Democrats approve 2024 primary calendar that demotes Iowa, boosts South Carolina

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PHILADELPHIA — Democrats on Saturday approved a plan to reorder their 2024 presidential primary calendar in an effort to amplify diverse voices earlier in the presidential selection process.

Overruling objections from two states that have traditionally held the first contests, Iowa and New Hampshire, the national party green-lit a schedule that moves South Carolina to the front of the line.

The revamped calendar elevates Nevada to the second position alongside New Hampshire and welcomes Georgia and Michigan to the early primary window for the first time.

Iowa's caucus, which has traditionally served as the starting-gun for the presidential election, is being displaced.

"This calendar does what is long overdue," Democratic National Committee Chair Jaime Harrison told party members before the vote. "It expands the number of voices in the early window, and it elevates diverse communities that are at the core of the Democratic Party."

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The changes Democrats approved on Saturday will only apply to 2024. Committee members have vowed to revisit the calendar before the 2028 election.

New Hampshire Democrats aggressively fought the shift, arguing ahead of the meeting that they are unable to change a state law that requires them to hold the first primary. They also warned that the changes could harm President Joe Biden's expected reelection effort.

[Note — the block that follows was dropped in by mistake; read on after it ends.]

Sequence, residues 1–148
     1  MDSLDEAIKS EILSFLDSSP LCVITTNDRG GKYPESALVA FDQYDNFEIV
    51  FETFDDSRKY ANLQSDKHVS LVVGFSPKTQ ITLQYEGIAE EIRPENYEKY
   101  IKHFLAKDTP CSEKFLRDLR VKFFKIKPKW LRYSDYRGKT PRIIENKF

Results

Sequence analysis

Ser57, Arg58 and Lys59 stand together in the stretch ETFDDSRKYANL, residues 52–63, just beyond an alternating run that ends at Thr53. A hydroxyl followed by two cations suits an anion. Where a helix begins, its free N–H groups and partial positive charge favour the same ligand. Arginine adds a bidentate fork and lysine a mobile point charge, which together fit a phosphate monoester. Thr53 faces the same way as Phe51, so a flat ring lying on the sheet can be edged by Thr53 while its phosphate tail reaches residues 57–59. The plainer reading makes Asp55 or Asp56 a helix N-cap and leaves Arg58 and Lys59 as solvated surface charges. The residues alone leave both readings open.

Democrats are in the minority in the New Hampshire state legislature, and Republicans in power are unwilling to adjust the law.

"Respecting our state law and lifting up diverse voices need not be mutually exclusive," said Joanne Dowdell, a DNC member speaking on behalf of New Hampshire.

Iowa also opposed the changes. Rita Hart, the newly-elected chair of the Iowa Democratic Party, said her state faces difficulties in changing the date of its caucus and cannot support a calendar that could weaken Democrats in the state.

The eleventh-hour push was futile. Democrats easily approved the calendar, which Biden personally proposed, in a voice vote during a gathering in Philadelphia.

Biden's intervention

South Carolina was the first state that Biden won in 2020 after receiving an endorsement from veteran Democratic congressman Jim Clyburn.

Clyburn was instrumental in convincing party leaders to add South Carolina to the early window more than a decade ago but emphasized Saturday that making his home state first was Biden's proposal.

"I don't get hung up in that," Clyburn said in an interview. "If the president, who's the head of our party, feels a way about something, let's support the president."

Biden intervened to solve intra-party squabbling over the matter last year after Democrats postponed their decision on the line up until after the midterms. He pressed members of the Rules and Bylaws Committee of the DNC in a December letter to adopt his recommended 2024 primary calendar.

Party officials who sit on the panel endorsed Biden's recommendations and directed South Carolina to hold its contest on Feb. 3, followed by New Hampshire and Nevada on Feb. 6, Georgia on Feb. 13 and Michigan on Feb. 27.

Lee Saunders, president of the American Federation of State, County and Municipal Employees, said in an interview that the DNC panel had been discussing changes to the schedule before Biden weighed in.

"Now, clearly, the president had his ideas about what it looked like. But we were committed to having states up front that were representative of our country, representative of people of color, representative of states where the labor movement is strong, where we can bring those folks to the table," Saunders said. "It didn't happen overnight."